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The “Broad” Coalition That Doesn’t Exist

One of the more questionable claims in Obama’s speech [1] last night was the claim that the U.S. was acting with a “broad coalition of partners.” Obama failed to identify who these “partners” are, which makes it more difficult to judge how many there are or whether these “partners” will be of any use. If the Libyan war is any guide to how this will work, the U.S. and a handful of other governments will do the bulk of the fighting, and others will be included on the official list to give an impression of substantial international support that doesn’t exist. The reference to the “broad coalition” seemed to be a matter of paying lip service to the idea that this is a multilateral effort rather than being the U.S.-led war that it mostly is.

Since Obama spoke last night, we have learned that the U.K. won’t [2] be engaging in airstrikes in Syria, and Turkey has reportedly refused [3] to allow the U.S. to use its bases to conduct its airstrikes against ISIS targets in either country. So one of the few major European allies that can contribute significantly to the air campaign is strictly limiting its involvement to part of the territory under ISIS’ control, and the main U.S. ally that borders on both Syria and Iraq won’t be cooperating at all. The lack of Turkish cooperation will presumably make the air campaign more difficult and therefore make it last even longer. The more striking thing about this is that the U.S. is going back to war in the region and still cannot count on support from its sole NATO ally in the region. That draws attention to one of this war’s basic flaws: the U.S. is taking the regional threat from ISIS more seriously and doing more to oppose it than many of the regional states that have far more to lose. The U.S. has allowed itself to be pulled into a new, open-ended war for the sake of “partners” that are contributing little or nothing to the war.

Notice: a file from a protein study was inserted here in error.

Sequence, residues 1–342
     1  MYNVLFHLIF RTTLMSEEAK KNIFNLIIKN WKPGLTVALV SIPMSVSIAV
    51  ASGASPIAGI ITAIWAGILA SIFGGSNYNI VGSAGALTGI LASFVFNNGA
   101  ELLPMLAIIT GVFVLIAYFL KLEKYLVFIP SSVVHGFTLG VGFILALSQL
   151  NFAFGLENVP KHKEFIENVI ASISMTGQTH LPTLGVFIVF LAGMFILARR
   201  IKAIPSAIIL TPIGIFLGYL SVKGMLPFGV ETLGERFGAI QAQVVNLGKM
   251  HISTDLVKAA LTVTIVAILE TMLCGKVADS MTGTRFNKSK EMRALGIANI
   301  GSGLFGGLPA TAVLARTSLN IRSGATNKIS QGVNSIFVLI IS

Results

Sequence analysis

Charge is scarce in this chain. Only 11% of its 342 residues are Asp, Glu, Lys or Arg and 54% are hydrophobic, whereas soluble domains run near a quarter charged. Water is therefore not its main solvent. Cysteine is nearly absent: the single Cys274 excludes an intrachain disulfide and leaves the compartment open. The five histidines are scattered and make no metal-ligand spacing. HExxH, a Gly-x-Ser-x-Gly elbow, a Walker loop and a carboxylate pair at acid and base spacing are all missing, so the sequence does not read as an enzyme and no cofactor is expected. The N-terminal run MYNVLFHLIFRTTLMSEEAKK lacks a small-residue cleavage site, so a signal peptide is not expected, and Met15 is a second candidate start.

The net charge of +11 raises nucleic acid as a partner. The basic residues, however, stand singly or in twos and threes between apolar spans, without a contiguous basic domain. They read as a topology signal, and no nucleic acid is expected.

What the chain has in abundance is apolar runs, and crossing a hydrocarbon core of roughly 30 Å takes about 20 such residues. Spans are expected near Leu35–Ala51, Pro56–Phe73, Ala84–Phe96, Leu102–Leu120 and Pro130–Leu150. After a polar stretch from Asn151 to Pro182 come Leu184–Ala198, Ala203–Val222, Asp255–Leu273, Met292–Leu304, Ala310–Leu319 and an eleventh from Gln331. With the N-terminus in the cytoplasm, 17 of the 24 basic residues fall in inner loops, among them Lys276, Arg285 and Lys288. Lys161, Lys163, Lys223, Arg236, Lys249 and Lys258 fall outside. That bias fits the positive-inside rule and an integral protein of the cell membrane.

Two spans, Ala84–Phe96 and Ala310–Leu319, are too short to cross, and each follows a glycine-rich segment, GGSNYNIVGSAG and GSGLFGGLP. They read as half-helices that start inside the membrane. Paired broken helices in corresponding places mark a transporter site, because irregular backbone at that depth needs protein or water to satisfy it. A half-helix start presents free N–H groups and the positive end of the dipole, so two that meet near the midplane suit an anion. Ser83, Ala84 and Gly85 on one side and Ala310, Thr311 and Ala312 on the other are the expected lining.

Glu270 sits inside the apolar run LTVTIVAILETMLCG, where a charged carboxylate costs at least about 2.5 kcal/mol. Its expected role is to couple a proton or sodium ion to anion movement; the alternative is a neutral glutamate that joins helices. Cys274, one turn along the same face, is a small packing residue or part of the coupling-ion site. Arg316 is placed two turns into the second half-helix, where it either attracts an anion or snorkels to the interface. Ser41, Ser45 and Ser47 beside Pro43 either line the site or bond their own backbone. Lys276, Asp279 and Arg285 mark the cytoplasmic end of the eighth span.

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9 Comments To "The “Broad” Coalition That Doesn’t Exist"

#1 Comment By Joshua Simeon Narins On September 11, 2014 @ 11:46 am

I also get the sense that the original coalition was a group of countries who were willing to gather around a table and talk about doing something, while none of them had signed off on any particular action, certainly not a military invasion.

#2 Comment By johnny On September 11, 2014 @ 11:52 am

Turkey is not even a fair whether ally. It’s a blatant taker. But for some unknown reason, probably McCain screaming about putting Turkey’s tourism economy at risk, the US continues to put up with this asymmetrical relationship.

Our “allies” as welfare queens:

US air defense unit takes up its post in Turkey

[4]

#3 Comment By scat On September 11, 2014 @ 12:03 pm

Sounds to me like we are once again collecting flags to put behind the podium. I notice a number of European countries. I wonder what nod-and-wink promises we have made to further NATO’s and EU’s push to the east.

#4 Comment By JJM On September 11, 2014 @ 12:03 pm

Turkey has reportedly refused to allow the U.S. to use its bases to conduct its airstrikes against ISIS targets in either country.